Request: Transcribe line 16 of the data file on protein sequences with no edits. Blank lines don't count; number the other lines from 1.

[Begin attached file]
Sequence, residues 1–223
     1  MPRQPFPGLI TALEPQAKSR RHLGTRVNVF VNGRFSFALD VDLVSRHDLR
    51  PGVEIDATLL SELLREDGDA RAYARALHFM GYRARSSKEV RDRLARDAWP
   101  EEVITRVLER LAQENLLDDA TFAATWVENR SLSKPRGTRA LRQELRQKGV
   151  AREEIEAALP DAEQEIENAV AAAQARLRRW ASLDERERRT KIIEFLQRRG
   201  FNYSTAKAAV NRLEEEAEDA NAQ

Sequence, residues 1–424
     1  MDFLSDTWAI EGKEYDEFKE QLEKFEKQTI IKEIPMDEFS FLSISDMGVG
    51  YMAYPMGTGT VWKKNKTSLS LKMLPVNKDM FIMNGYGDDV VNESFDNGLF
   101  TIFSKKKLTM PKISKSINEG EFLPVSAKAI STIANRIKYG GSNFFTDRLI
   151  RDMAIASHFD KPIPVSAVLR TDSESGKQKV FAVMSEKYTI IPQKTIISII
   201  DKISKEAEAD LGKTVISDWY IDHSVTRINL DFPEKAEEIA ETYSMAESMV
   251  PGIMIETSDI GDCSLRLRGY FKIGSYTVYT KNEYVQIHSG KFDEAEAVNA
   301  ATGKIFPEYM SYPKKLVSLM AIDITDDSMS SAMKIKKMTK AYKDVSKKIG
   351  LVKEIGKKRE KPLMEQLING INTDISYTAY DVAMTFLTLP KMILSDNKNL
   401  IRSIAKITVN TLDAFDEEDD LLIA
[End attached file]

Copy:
   401  IRSIAKITVN TLDAFDEEDD LLIA